China’s Own Choice

The other source of relief is China and undoubtedly Kim will stop over in Beijing to consult with Xi on his way home. For Beijing, they have to worry some about how the Hanoi failure will affect the prospects for a soft deal on trade with Trump. That is hard to predict and Xi may wish to avoid openly thwarting the U.S. on North Korea.

But in a strategic sense, the Hanoi summit debacle is good for China. Trump’s press conference confirmation that he intends to continue to suspend, if not end, U.S. military exercises in Korea is a particular bonus.

“I think the Chinese are sitting pretty,” says John Pomfret, a former Washington Post China bureau chief who remains a close watcher of U.S.-China relations. “They have put the US in a bind. If the US resumes exercises, and the North Koreans resume some type of testing, Beijing will be even-handed in its criticism. If the US continues not to do exercises with the South, China benefits as well because that gives Beijing more time to try to do damage to the US-South Korean alliance.”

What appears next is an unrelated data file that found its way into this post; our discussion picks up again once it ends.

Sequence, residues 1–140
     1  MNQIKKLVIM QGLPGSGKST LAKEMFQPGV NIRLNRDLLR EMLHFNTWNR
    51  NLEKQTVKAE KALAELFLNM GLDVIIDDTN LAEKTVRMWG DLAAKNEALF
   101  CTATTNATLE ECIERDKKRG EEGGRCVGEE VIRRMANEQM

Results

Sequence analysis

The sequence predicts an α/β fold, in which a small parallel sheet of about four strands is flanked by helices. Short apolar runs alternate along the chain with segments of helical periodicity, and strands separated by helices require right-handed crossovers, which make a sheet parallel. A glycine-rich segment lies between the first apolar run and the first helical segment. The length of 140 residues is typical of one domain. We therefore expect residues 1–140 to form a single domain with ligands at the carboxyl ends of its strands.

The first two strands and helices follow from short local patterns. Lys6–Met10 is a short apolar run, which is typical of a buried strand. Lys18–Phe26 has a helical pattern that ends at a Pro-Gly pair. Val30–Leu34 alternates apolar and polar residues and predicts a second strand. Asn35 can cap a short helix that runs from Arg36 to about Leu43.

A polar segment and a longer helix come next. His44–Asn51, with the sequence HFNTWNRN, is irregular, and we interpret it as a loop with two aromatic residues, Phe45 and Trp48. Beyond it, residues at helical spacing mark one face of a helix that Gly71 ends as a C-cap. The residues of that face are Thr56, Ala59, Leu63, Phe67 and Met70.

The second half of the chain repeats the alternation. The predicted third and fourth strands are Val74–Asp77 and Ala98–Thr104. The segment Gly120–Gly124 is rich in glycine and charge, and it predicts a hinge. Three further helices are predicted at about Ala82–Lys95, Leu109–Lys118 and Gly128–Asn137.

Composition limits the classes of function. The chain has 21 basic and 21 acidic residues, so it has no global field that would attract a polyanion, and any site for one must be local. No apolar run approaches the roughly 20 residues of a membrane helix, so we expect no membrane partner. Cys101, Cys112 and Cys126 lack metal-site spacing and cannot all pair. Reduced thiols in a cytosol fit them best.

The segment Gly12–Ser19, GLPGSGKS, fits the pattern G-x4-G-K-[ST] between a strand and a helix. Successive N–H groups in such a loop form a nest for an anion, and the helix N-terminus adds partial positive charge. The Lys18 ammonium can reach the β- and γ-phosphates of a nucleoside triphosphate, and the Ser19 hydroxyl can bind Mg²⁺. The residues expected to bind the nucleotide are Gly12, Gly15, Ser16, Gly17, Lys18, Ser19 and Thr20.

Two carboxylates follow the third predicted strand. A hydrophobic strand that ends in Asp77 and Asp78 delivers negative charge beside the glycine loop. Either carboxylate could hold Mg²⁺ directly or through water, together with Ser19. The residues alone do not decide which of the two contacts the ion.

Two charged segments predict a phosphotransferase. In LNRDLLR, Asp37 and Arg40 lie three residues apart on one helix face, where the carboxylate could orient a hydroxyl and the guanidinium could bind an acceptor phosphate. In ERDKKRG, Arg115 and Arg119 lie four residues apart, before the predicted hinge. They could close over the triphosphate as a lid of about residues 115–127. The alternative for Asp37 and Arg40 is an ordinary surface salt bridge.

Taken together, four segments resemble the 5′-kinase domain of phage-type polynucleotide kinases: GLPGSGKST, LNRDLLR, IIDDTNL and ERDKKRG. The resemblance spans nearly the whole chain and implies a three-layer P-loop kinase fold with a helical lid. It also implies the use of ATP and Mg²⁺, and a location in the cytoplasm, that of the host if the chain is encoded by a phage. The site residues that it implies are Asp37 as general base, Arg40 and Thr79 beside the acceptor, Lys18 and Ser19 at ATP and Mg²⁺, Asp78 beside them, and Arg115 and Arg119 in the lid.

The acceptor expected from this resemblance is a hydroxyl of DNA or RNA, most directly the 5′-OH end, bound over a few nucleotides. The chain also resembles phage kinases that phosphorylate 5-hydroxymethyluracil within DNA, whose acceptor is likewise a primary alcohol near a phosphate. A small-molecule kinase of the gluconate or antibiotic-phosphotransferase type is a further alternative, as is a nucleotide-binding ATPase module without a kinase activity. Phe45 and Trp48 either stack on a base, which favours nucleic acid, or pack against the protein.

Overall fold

Whether Kim will chose to escalate tensions now is very much in question. He may not feel the need and it would undermine his appeal to the South. But in any case, Pomfret says, “China and North Korea will become closer, along with Russia.”